Explore the Glowforge Community forum for discussions, tips, and resources about minimizing waste and repurposing leftover materials for future designs.
Reflect and Review
Take a moment to reflect on the research you did for your design.
Are there any other resources or techniques that would be helpful to explore? Next you’ll proceed to the Ideate stage, where you'll brainstorm ideas for your product.
Now, brainstorm some product ideas. Think of as many ideas as you can, without worrying about whether they’re good or bad. Consider the following:
What are your ideas for your product?
If you chose to start fresh with an original design, what unique features do you want to include?
If you decided to use a design in the Glowforge catalog, how might you personalize it for your customers?
What customizable parts could you include? Check the Glowforge Gallery for many creative designs that allow for customizations and personalization. Glowforge designers can increase their profits by charging higher prices for custom designs. Get creative to find ways to include customizable pieces in your design, too.
How can you modify your product to minimize waste and maximize profitability?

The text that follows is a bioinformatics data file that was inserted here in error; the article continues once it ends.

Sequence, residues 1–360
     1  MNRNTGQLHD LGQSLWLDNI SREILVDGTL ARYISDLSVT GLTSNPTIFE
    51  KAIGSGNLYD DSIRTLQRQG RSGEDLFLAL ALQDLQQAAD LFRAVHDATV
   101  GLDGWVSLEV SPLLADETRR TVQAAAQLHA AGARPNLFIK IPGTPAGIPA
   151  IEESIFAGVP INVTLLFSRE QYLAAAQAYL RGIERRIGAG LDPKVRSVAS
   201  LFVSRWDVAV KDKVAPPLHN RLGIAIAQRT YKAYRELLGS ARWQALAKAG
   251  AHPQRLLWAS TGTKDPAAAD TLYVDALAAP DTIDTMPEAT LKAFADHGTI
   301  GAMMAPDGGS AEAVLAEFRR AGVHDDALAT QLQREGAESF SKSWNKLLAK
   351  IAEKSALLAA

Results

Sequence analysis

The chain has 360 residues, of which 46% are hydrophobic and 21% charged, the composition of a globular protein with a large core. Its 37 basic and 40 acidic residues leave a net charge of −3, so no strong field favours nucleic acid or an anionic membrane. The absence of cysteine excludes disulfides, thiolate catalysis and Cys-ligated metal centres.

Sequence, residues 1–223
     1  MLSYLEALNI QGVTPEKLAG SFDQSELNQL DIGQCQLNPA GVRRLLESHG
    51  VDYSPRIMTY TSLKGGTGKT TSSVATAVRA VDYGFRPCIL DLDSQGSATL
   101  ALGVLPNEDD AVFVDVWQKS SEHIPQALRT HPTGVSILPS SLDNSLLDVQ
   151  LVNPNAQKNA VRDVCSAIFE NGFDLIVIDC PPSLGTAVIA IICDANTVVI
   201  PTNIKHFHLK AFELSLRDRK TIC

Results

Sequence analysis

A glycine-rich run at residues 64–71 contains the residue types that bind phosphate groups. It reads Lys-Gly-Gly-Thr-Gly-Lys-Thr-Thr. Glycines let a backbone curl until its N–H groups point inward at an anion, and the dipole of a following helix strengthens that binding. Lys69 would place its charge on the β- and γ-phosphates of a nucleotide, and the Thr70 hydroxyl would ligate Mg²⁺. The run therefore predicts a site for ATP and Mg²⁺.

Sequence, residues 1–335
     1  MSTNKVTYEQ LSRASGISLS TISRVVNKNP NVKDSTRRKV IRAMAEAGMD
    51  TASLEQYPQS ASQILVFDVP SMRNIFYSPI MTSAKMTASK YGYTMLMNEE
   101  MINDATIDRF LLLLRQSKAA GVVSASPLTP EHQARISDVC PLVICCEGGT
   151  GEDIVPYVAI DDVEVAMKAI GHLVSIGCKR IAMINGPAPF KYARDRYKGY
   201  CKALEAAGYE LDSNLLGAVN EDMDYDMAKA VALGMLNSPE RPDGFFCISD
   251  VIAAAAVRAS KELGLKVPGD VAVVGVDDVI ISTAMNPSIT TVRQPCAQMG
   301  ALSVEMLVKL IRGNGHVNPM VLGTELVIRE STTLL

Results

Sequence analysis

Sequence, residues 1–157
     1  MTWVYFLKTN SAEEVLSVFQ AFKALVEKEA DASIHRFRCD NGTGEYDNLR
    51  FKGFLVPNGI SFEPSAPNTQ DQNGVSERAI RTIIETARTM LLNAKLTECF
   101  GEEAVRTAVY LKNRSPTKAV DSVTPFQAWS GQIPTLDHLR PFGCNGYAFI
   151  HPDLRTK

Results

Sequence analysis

What more do you need to know before you redesign your product?
One way to reduce waste is to reuse leftover material in new and creative ways. As Glowforge Community member Dunfee states, “This kind of stuff I’m actually really excited about. Sometimes the best flashes of inspiration come from pieces you think are garbage at the time!” One Glowforge creator designed 3D puzzle pieces from scraps while others turned their scraps into tessellation puzzles inspired by M.C. Escher. Another creator finds inspiration in Skallops, small connectors that turn items like playing cards into building blocks.
Reflect and Review
At this point, you probably have many ideas for making a profitable product. Take a moment to reflect on the techniques and ideas you brainstormed.
Are there any points to consider before you move on to the Design stage? There you’ll narrow your ideas to one or two concepts to fully design.
Review your brainstorm and select one or two to further develop with sketches or digital mockups. At the end of this stage, you‘ll print your revised design and assemble a product prototype. Consider the following:
With Glowforge Live Preview, you can use every bit of material. Live Preview shows remaining material, letting you maximize your resources and profitability.